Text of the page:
'Little Known Facts': Natalie Slocum Talks Cover Design

As part of Under the Covers, our occasional series on book cover design (formerly known as Rejected Covers), we talked via email to Natalie Slocum, cover designer of Bloomsbury book Little Known Facts ($25.00)

little known facts natalie slocum

In your own words, what is this book about?
Little Known Facts is about an aging, still popular movie-star turned director in his mid 50s to 60s. It's about his adult children and ex-wife and more widely all the people in his orbit and how his fame effects all of them.

What was the mood or moment from the story that you're depicting with this cover?
This cover was intended to convey a general mood and leave the viewer wondering a bit. The type sets it up as a particular kind of magazine cover, that gives a feeling of celebrity... larger than life.

Hopefully you're seeing a man who's at the top looking out over all he has power over, and he's relaxed, barefoot even. He's on the phone, he's in charge, calling the shots, and he seems completely at ease. He's also incredibly alone and isolated, phoning instead of talking directly to someone, which is how he holds people at a distance in the book. And now that huge, larger-than-life type and illusion is holding him back, trapping him on the edge of a metaphorical (and literal in the picture) chasm because it's all supposed to look so easy and under control to everyone in the audience/society, and yet he's very isolated. And it gets to him and his family.

For this particular book my main influence was the illusion of the glossy, larger-than-life celebrity/fashion magazine. It's all so fake. These have got to be real people who feel and mess up, just like we do, and yet they are so airbrushed in front of their sets, and even worse is we want that from them. We want to believe in that illusion. It seems really poisonous, as it is in the book.

What inspires your design?
First: storytelling. It's such an entertaining puzzle to be asked to let a viewer have, in one glimpse, an idea of a whole story. I don't think I'll ever get tired of it.

Secondly: typography. I feel a physical change in my brain, maybe even my body, when I see beautiful type. I can't always achieve that effect in my own work, but hopefully I'm getting better. Usually if I'm stuck and can't really find the right concept, or something (image, construct, layout) that helps convey the feeling or story, I just start trying to lay out the type. Suddenly things flow, and it pulls me through about 98% of the time.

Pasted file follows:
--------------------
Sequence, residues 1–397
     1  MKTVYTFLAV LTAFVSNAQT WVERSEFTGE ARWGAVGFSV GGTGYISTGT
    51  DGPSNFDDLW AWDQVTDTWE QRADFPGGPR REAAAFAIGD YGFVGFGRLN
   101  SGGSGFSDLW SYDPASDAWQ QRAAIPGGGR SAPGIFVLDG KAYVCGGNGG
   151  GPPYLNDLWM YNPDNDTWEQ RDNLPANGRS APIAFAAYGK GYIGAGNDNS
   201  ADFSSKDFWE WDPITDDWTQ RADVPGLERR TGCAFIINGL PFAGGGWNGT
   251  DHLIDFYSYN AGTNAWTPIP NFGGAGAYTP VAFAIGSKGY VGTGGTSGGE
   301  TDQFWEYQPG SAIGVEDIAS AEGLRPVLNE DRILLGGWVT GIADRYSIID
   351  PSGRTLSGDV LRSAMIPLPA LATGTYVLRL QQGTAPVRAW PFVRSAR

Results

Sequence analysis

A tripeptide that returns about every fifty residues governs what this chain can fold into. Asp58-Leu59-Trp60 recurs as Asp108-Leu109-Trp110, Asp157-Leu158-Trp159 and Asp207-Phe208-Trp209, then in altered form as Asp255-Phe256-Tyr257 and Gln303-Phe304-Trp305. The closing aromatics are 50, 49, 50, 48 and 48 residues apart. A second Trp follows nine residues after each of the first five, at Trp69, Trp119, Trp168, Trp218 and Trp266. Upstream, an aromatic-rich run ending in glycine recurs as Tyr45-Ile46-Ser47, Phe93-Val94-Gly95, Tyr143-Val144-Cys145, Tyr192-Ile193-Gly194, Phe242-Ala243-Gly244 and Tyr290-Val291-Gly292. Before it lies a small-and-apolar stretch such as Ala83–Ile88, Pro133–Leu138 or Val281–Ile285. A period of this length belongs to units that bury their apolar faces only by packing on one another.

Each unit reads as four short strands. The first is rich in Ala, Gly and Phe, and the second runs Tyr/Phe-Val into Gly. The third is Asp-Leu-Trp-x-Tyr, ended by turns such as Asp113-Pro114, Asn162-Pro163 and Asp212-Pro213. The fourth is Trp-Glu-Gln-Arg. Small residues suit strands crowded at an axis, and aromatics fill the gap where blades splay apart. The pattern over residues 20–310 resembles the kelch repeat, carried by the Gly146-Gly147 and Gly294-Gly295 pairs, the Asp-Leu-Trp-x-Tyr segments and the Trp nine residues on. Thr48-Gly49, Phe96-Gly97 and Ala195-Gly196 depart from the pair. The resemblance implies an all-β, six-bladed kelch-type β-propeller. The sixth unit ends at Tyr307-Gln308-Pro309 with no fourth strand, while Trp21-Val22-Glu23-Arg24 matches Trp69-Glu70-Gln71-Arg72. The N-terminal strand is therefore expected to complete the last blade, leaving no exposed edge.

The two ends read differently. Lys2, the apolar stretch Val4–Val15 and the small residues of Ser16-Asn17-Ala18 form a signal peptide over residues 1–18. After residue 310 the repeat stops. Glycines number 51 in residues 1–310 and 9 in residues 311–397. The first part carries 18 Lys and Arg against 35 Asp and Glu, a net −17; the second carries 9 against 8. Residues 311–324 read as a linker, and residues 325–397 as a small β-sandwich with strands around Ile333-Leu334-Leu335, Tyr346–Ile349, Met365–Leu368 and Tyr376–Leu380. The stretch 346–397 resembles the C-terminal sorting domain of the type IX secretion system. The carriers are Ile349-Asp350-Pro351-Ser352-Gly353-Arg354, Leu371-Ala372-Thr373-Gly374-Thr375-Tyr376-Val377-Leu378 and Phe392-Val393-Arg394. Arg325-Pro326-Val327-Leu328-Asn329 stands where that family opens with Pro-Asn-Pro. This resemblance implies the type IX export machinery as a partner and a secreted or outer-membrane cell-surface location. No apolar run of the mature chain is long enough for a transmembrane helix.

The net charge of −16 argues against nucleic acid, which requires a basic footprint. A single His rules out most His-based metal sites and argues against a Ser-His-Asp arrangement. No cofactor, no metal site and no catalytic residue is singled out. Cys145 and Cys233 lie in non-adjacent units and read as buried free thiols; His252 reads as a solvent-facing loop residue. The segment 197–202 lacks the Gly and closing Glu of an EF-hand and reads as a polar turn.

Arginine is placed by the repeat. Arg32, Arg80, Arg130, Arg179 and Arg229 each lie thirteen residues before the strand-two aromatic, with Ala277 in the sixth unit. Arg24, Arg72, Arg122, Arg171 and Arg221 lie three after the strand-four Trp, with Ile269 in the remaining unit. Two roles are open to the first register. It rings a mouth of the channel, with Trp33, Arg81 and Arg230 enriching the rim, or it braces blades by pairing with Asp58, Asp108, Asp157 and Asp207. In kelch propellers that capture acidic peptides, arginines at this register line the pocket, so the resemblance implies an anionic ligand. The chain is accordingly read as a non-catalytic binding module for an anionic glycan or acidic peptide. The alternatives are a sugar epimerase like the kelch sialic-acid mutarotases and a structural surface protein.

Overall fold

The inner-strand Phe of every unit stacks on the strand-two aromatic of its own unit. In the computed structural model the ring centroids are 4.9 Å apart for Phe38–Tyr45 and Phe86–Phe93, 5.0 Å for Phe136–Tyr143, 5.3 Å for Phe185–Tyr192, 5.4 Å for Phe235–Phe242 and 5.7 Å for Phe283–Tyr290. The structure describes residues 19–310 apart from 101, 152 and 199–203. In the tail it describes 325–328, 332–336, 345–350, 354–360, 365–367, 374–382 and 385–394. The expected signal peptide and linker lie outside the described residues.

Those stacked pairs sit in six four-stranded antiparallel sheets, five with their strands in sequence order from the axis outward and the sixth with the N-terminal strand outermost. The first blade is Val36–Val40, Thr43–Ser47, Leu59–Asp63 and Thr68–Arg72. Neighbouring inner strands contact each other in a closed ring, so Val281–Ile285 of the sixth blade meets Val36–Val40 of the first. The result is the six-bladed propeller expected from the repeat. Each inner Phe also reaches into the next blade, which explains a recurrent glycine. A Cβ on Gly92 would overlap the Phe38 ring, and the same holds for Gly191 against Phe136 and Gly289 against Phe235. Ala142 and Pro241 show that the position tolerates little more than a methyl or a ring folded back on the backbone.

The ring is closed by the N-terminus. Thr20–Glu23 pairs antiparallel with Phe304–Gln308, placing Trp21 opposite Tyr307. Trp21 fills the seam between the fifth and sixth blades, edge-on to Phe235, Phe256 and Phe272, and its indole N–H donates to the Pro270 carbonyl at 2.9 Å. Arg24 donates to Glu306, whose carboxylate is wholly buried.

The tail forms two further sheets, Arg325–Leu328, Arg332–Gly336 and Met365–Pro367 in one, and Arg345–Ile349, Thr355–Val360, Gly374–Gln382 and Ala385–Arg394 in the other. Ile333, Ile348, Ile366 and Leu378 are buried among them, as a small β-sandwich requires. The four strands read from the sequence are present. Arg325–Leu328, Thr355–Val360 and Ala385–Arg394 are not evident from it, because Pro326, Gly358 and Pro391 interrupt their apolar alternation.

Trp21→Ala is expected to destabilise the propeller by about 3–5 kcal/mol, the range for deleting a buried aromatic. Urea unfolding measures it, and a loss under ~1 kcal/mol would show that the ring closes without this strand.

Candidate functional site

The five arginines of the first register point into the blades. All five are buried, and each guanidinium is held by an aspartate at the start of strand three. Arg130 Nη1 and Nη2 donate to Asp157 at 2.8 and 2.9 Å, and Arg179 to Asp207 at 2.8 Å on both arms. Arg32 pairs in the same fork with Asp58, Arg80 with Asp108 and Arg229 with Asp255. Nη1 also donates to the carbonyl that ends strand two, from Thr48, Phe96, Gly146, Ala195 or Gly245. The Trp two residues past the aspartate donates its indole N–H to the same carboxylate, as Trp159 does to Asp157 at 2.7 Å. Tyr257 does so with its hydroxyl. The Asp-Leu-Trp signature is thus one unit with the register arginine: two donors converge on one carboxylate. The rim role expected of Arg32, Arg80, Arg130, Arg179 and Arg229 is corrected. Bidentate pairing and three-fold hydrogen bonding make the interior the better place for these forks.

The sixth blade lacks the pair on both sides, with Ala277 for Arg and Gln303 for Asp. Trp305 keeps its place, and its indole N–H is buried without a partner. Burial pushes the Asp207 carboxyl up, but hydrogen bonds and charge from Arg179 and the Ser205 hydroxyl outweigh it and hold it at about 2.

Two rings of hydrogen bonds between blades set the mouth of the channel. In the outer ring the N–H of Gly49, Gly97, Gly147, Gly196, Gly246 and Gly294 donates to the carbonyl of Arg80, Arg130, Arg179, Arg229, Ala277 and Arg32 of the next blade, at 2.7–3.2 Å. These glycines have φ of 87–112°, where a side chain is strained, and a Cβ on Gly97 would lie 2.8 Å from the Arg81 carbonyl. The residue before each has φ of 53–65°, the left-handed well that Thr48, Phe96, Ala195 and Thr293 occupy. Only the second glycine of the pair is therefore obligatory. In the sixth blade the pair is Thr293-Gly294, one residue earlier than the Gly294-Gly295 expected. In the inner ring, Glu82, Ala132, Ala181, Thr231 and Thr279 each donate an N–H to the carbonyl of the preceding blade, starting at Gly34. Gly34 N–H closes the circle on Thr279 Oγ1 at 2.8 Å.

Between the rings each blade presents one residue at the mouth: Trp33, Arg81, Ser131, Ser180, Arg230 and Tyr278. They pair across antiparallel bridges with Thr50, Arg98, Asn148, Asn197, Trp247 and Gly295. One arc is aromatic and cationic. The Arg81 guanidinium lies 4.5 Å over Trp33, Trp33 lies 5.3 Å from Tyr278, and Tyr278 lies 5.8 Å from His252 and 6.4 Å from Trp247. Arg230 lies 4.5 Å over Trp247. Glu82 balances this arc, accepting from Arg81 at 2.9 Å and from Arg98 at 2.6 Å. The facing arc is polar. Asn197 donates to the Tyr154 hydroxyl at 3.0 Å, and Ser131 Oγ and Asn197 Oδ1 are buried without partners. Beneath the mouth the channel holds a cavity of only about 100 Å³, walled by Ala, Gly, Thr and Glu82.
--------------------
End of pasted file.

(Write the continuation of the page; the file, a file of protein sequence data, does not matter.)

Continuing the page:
What is your professional background? For which other books have you designed covers?
I started designing books at Vintage for John Gall. He actually hired me as a sort of studio manager/assistant, but I bugged him until he gave me art research and clearance to do for the department. I took design classes at SVA Continuing Ed. at night, and kept wheedling John into giving me any book cover I could get my hands on. And then eventually I started getting more. I went to grad school at SVA for my MFA in Graphic Design thinking I'd try something else, and then came right back to books.

Some of my recent favorite designs: The Silence and the Roar by Nihad Sirees (really cool book), The Dangers of Proximal Alphabets by Kathleen Alcott, The Uninvited by Liz Jensen, The Hypothetical Girl by Elizabeth Cohen, An Emergency in Slow Motion by William Todd Schultz, The Hustle by Doug Merlino, Tiny Sunbirds Far Away by Christie Watson, and Calling Mr. King and Solo Pass, both by Ronald De Feo. But the list goes on....

What was the biggest challenge in designing this cover?
Ha ha. Trying to get Conde Nast to let us use the cover that everyone fell in love with, and failing. There was an incredible picture of a silver-haired actor we all know sitting in a convertible with a starlet, in front of a back drop of Cannes with a set light and director's horn next to it. It was perfect. And because it was a picture for this type of magazine, it communicated all the above-mentioned emotions. The type conveniently covered the actor's and model's faces, but to no avail.

In many ways, this cover works better.

What concepts did you reject? Do you have a favorite? Are you happy with the final result?
We went around and around on this (three, maybe four cover concepts?) and we rejected a number that weren't personal enough, looked too much like it was another LA story, or the mood just wasn't right. Ironically, this cover image was among the first of my searches. Ultimately, I am happy with this one.

What makes a successful book cover?
It either:
1. causes you to ask a question you want answered
2. speaks to your aesthetic
3. reminds you of something you've been exposed to before and enjoyed on some level, (or didn't enjoy, but enjoyed being tortured by).
4. any combination of the above.

What are some of your favorite book covers?
I love too many. I can tell you that the following designers constantly amaze me for the following reasons:

Smart, clever, conceptual, funny as hell: Helen Yentus, Jason Booher, Peter Mendelsund, Jamie Keenan, John Gall, Paul Sahre

Those are just some names, and they cross my categories on occasion. There are so many more out there, and more coming all the time. Especially with cover design changing as it is.

Do you judge books by their covers?
Of course. But sometimes I judge a book excellent and the cover, well... not.